Henry says that on "Every plantation during slavery the Negroes had church on Sunday and it was fur this cause a Negro leader or Preacher came forward, each place had its own exhorter, as the law required a white man to be present at every Negro meeting, an overseer passed by every now and then and looked in to see what was being done. De people had religion in dem days. We uster speak wid unknown tongues and we practiced signs until light shown in darkness. De whole quarters would be so happy 'til us ud have to work hard de next day to feel right. No maam, I didn't go back to de plow any more after de war. I worked alright but my spirit was broken. When a man is a soldier he ain't fit fur nothing else."

Henry cannot read or write but he can figure and it would be hard to fool him on figures. He says he kept account of whut wages he and his wife made after the war. He didn't always get the money but at least he knew whut he owned and whut was owed to him. "I larned to count with pine-burrs. Every time I'd make a dollar I'd go put a pine-burr in a large hole and every time I'd spend one I'd take one out. I ain't got none left in de hole now. I got to takem em out faster dan I could put dem in."

"My marster was reasonably good to me cause I was young and didn't think so then, but I was never stripped and beaten and I got enough to eat, clothes to wear, and a Doctor and medicine when I was sick. When I got free I couldn't buy it.

The tales told in slavery time are unequaled. They told tales of animals and dey doings. One story goes like dis:

"Once upon a time ole Brer Guinea was sitting on the bridge wid his head tucked under his wing when along came old Brer Rabbit who said, 'Brer Guinea where is yo head?'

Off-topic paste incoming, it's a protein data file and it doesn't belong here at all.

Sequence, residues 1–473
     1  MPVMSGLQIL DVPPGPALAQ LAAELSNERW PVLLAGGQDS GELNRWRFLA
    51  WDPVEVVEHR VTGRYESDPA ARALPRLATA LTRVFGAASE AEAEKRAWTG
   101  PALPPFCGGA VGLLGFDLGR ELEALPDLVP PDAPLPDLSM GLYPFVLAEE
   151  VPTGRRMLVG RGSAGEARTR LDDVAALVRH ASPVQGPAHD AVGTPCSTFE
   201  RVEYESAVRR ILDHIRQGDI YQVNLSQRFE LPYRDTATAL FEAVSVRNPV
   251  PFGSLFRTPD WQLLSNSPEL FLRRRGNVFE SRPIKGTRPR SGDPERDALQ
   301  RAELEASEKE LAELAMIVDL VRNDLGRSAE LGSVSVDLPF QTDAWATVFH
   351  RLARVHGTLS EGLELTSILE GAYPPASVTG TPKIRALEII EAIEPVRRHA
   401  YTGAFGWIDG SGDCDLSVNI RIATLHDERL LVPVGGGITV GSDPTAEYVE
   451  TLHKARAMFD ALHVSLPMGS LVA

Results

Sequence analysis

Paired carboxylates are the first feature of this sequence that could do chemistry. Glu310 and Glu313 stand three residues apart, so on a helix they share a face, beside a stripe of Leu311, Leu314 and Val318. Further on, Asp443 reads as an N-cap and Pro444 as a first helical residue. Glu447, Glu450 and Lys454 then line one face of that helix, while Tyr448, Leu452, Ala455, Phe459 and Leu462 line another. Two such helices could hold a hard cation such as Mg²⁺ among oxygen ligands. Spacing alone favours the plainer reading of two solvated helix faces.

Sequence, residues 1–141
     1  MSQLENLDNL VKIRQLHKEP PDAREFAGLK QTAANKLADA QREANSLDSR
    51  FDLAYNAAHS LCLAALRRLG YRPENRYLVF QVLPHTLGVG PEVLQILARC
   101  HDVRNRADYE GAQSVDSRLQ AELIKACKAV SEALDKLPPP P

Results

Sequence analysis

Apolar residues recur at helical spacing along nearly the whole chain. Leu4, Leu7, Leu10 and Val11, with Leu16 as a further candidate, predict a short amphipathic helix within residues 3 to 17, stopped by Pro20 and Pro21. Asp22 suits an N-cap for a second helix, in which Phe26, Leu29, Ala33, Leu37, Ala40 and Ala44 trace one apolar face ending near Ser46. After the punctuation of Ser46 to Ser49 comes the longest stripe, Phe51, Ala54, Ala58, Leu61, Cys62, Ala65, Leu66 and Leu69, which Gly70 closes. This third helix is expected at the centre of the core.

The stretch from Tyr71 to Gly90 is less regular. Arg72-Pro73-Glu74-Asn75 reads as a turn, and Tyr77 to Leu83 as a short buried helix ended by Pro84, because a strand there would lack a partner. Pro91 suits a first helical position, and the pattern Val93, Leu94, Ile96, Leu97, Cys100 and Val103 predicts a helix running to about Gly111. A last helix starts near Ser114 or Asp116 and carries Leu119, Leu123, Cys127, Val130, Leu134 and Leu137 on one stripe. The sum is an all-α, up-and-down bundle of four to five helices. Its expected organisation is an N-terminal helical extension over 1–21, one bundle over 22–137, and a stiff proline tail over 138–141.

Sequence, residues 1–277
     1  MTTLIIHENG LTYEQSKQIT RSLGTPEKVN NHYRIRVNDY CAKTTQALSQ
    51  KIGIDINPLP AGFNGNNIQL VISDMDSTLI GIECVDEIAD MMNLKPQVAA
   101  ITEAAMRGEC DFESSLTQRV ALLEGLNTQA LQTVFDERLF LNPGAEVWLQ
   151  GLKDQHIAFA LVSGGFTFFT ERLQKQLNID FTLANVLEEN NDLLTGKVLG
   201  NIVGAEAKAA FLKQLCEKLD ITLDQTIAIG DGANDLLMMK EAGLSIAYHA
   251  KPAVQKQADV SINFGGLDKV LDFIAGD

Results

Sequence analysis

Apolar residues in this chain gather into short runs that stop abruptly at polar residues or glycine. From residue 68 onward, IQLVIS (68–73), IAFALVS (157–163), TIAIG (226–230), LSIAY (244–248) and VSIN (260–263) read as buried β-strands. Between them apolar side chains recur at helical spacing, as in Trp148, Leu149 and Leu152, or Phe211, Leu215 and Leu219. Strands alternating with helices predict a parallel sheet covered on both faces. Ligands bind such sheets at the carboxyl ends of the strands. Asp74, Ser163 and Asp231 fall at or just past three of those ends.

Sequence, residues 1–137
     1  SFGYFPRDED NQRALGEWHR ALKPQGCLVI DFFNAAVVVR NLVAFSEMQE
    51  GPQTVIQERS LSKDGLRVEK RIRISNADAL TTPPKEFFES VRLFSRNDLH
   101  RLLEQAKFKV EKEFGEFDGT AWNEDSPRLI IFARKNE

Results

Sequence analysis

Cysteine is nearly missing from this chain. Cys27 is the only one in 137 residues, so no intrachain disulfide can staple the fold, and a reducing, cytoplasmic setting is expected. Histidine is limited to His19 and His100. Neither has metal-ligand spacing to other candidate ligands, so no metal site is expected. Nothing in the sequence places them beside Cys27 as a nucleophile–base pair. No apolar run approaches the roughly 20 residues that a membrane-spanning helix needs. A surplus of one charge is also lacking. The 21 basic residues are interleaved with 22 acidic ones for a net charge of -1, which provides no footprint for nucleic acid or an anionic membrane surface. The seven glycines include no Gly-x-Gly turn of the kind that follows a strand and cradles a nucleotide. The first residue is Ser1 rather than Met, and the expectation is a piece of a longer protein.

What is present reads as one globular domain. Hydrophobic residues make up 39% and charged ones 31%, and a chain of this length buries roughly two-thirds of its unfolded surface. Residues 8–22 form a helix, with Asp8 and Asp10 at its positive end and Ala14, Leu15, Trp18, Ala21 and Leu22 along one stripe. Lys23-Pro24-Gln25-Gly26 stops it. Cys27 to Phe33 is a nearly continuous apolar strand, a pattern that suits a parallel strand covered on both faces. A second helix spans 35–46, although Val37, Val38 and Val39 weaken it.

"Brer Guinea said, 'Oh! I left it home so my wife could pick de boogers out of it. You don't suppose I'se gwine stay home all day in order to git boogers picked out of my head.'"

"'You mean to tell me you let your wife cut your head off and you ain't dead.'"

"'You see me don't you," said Brer Guinea.'"

"So ole Brer Rabbit hopped on home and told his wife, 'Cut my head off and pick de boogers out of it while I go down and swap a few wid de boys.' His wife didn't want to do it but ole Brer Rabbit was allus mighty persistent so at last his wife tuk de ax, hauled off and cut his head off and dat was de last of ole Brer Rabbit."

"Once upon a time dere was an ole Negro woman dat hated fur de white folks to ax her where she'd been. So one morning she got up real early and went off before any white folks got up. When she was coming back she met a white woman who said, 'Aunty, where are you going?'"

"The old woman said, 'Laud, chile I ain't gwine nowhere. I'se done been where I was gwine.'" "Some folks is like dat. Dat is why some Negroes gits so quiet in front of white folks and den dere is a crowd dat talks too much. Dey is called running-off-at-de-mouth Negroes."

"Yes, just seventy-five years ago on this same Fourth of July the cry went up dat Grant is tuc Vicksburg but he sho God tuc a big piece of woods on a big hill and he show found mo dead men dan live ones and dey sho didn't find much to eat and he found plenty flies and bugs in de place. Hit was said dat de North and South hated each other so den dat a fly dat was on a Southern soldier ud wear gray in his back and dem on a Northern soldier ud wear blue (green) and one wouldn't light on de yother. Dem was pernacious times. I tell you'll don't know nothing."

Henry Warfield and his old wife live together at 2200 Grove Street, Vicksburg. He varies his tale according to his mood but I have tried to put it down just as he told it to me.

Interviewer: Unknown
Transcribed by Ann Allen Geoghegan

Mississippi Narratives
Prepared by
The Federal Writer’s Project of
The Works Progress Administration
For the State of Mississippi